Six former and current DPD officers charged with extortion

By: Brendan Losinski | Advertiser Times | Published December 22, 2017

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DETROIT — Two active-duty Detroit police officers and four retired Detroit police officers have been charged with extortion for allegedly accepting bribes from automobile collision repair shops in exchange for referring stolen or abandoned vehicles recovered by the city of Detroit.

After becoming aware of the matter, the Detroit Police Department’s internal affairs unit began an investigation alongside the FBI. The two current Police Department members were indicted by a federal grand jury on Dec. 12, and the four retired officers have pleaded guilty to the charges.

“The scam was extorting money from a business, and getting something they weren’t entitled to, and taking cars to a specific location and receiving money,” explained Detroit Police Chief James Craig during a press conference posted on the department’s Facebook page on Dec. 13. “It’s a matter of the officers having their own illicit side business. Some of the officers are being charged with six to eight counts of extortion.”

The former officers facing charges, James Robertson, Jamil Martin and Anthony Careathers, retired after the charges were leveled, while former officer Martin Tutt resigned afterward as well. They all pleaded guilty to extortion charges.

The officers who remain with the department, Deonne Dotson and Charles Wills, were both restricted to “no-gun status” at the department’s detention center during the course of the investigation and were suspended with pay as of Dec. 13. Craig moved to suspend them without pay after the Dec. 13 conference.

Dotson was indicted on six counts of extortion and Wills was indicted on four counts.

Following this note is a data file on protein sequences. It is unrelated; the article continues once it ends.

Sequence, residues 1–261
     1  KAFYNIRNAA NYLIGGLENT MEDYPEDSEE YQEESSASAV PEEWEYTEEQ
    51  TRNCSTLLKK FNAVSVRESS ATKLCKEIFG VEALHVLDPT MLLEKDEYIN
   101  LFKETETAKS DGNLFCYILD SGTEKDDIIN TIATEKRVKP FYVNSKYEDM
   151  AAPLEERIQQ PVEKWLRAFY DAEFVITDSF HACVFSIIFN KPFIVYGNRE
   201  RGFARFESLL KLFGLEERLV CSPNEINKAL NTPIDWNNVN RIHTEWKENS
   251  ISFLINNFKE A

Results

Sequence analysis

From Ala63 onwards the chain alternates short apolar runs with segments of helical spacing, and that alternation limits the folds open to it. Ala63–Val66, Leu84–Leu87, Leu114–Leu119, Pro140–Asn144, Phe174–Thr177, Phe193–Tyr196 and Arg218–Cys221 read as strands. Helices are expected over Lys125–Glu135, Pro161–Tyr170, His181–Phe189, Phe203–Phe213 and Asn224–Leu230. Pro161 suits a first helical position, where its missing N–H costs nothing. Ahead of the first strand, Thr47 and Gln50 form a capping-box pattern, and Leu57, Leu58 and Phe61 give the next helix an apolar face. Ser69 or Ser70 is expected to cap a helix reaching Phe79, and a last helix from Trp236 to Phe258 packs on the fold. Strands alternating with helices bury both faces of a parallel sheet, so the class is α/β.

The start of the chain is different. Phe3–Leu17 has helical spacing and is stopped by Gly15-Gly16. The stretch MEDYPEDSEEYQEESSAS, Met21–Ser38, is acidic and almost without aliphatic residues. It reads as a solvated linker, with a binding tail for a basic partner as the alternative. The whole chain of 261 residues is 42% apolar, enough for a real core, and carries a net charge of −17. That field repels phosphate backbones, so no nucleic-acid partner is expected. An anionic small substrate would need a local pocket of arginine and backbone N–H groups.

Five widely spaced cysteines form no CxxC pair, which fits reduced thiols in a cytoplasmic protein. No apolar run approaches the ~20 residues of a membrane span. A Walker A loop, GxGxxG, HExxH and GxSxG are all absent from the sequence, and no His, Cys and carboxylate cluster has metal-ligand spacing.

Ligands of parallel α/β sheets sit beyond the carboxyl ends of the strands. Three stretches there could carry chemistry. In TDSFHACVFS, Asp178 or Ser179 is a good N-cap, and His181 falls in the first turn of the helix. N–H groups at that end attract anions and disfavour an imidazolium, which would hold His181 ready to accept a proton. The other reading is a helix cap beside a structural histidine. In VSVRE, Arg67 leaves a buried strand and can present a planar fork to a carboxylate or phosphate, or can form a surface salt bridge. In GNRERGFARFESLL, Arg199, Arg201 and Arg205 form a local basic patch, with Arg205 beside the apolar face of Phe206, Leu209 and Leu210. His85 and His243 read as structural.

Two additional officers are facing administrative charges. An internal investigation into these two officers, which could result in dismissal, is ongoing. They have not been named publically by the department. Craig said that he doesn’t expect criminal charges against these officers, but the investigation is ongoing.

“This was a very lengthy investigation, and our investigation into what we’re calling the core group of officers began in 2014,” said Craig. “There were allegations ranging between 10 and 12 years. Unfortunately, during those early years, there was never enough information to criminally or administratively charge any of these officers, but working with the FBI, three years later, there’s been some closure.”

Craig said that while they don’t want to rule anything out, he was confident that these eight individuals are the only officers involved in any wrongdoing in regard to these allegations. He expressed his confidence in the rest of the department’s personnel.

“This does not define the Detroit Police Department, and this does not define those who proudly wear the badge,” remarked Craig. “Every officer who takes the oath of office knows the difference between right and wrong, and if they make a decision to move in the wrong direction, they may hide their wrongdoing for a time, but they will be held accountable.”

The chief said he could not reveal how the allegations were originally brought to the attention of the department’s internal affairs, as the matter was still being investigated in regard to some of the accused officers.

“While these are some troubling allegations involving extortion and Detroit police officers, I’m pleased there’s some closure, and we believe we can close this chapter,” said Craig. “The vast majority of our people are fine officers, but these are serious charges that needed to be addressed.”

C & G Newspapers reached out to the attorneys for the six officers who were charged, but did not receive any response by press time from Dotson, Martin, Robertson, Careathers and Tutt. Wills, via his attorney Greg Rohl, did not wish to comment.